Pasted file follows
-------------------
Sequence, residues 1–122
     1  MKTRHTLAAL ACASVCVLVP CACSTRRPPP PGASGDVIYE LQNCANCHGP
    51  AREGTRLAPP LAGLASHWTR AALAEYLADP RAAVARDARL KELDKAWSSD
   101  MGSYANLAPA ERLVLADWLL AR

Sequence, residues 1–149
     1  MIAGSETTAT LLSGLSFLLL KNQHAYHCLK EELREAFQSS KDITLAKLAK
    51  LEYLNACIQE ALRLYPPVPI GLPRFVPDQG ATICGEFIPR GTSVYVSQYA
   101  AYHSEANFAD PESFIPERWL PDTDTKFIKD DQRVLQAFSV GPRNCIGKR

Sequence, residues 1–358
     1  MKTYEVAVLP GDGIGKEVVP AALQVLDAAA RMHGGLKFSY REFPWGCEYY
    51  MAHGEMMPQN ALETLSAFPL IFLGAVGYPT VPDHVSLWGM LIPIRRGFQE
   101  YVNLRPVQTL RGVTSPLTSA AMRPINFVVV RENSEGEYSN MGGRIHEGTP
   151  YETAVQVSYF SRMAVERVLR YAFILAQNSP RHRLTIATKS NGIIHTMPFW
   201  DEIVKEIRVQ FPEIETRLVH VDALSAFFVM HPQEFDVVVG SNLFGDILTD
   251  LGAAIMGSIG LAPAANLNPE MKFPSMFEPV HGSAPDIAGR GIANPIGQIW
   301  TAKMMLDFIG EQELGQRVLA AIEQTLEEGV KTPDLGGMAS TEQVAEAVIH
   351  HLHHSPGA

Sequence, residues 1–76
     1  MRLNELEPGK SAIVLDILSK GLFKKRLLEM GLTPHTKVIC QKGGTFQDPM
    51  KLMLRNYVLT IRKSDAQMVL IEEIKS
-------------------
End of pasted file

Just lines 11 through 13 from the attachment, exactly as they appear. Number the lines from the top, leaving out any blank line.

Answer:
    51  MAHGEMMPQN ALETLSAFPL IFLGAVGYPT VPDHVSLWGM LIPIRRGFQE
   101  YVNLRPVQTL RGVTSPLTSA AMRPINFVVV RENSEGEYSN MGGRIHEGTP
   151  YETAVQVSYF SRMAVERVLR YAFILAQNSP RHRLTIATKS NGIIHTMPFW